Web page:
“Local knowledge is a must for someone looking to move into a new area. The agent will be able to share key information about the neighbourhood with potential buyers.

“Can-do attitude can provide you with the assurance that your sale is in a safe pair of hands. The agent is realistic and will explain to you the challenges that may occur and the solutions to overcome them; the key point being that you are in the hands of a professional who is proactive and knows how to help their customers make a successful move.

“Client testimonials tell you about the quality of the service and the impressions left on both buyers and sellers. This is not only a financial transaction, but an exchange between real people.

“Face-to-face support brings us back to the people aspect; seeing a familiar face, someone you can trust when you need advice can really help reduce the stress associated with certain elements of selling and buying a property.

“Taking personal ownership of your sale and purchase means the agent is dedicated to finding you the best buyer for your property and the right property to move to. The agent is willing to invest their time and resources to be your advocate and to give you the support you need to make a successful move.

In conclusion
“I hope this series has helped you and wish you a smooth sale!”

Thinking of selling?
Richard James is a selected member of Relocation Agent Network, who has chosen us as ’s Local Expert, based on our customer service and a variety of other criteria. Not only does this prove our credentials as one of the area’s leading estate agents, but through our Network membership, we are able to offer sellers a completely unique channel of buyer that no other estate agent in can provide. Visit www.relocation-agent-network.co.uk/how-we-can-help-you.aspx to find out more.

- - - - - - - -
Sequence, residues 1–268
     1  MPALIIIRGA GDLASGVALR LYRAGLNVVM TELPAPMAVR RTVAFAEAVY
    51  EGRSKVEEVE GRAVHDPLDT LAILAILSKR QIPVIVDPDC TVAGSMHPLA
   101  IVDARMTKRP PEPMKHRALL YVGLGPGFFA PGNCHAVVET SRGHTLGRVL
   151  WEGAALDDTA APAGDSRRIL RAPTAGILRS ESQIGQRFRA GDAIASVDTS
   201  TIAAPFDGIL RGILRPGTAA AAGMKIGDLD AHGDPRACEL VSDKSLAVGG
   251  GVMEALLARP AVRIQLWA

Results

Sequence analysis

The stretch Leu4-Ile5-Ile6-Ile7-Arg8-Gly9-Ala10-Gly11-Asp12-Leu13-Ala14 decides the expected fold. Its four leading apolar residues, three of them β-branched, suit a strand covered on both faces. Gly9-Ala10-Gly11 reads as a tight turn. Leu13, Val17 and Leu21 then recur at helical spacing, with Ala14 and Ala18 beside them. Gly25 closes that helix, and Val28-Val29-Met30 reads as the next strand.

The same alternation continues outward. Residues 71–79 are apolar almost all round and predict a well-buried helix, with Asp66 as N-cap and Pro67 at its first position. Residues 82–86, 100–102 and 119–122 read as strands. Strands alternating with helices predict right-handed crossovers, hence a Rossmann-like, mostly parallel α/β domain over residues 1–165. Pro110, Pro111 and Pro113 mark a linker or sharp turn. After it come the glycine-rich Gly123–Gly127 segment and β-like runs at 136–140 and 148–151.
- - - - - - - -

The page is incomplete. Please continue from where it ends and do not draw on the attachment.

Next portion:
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September 2018 Market Comment

September Market CommentAs we move from a scorching summer to a cooler autumn, will the property market return to “normal”? Certainly the latest HMRC figures indicate a positive outlook, with a 0.3% increase in the number of transactions over last year. That’s not bad considering increased political uncertainty and two interest rate hikes.

Transaction volumes are currently the most reliable indicator of the state of the property market, not prices, although these have risen by a not-unhealthy 3% over the past year (HMRC). It looks like the number of transactions will approach 2.2million nationally in 2018, which is still much more than the years following the 2008 credit crunch, when it took five years before the number rose over a million.

Certainly, we expect to see more activity in the first time buyer sector, for two reasons: firstly, according to the latest Ministry of Housing report, nearly 4,000 buy-to-let properties are being sold by landlords each month, resulting in the first decline in rental property availability for 18 years. The problem is most acute in London, which has seen a 20% drop in the number of rental properties in the past year. This will inevitably push up rents further, meaning that buying is seen as a more cost-effective option to renting.

Secondly, some mortgage lenders are relaxing their criteria for first time buyers, with an increase in the both number of 95% mortgages and 35-year terms.

Confidence levels are improving once again, as many people start to think about moving by Christmas. If this is you, then you’d better get your skates on as, according to Rightmove, the average time from agreeing a sale to completion is 13 weeks, and it typically takes an average of eight weeks to find a buyer.
As ever, correct pricing is the key, especially as there is 2.1% more stock available than there was a month ago. Rightmove reports that average asking prices of new-to-market properties have seen a seasonal reduction of 2.3% over last month, as late summer sellers seek to find a buyer quickly.
So if you are thinking about moving, why not give us a buzz on 01933 224400, as we can usually provide you with an idea of value, timing and confidence level within 48 hours.

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“Maximising Your Sale Prospects”

MaximisingThe vast array of property-related TV programmes proliferating our screens is certainly an indication of our appetite for home improvement. Presumably this has something to do with pride of ownership and making the most out of “an Englishman’s home is his castle”.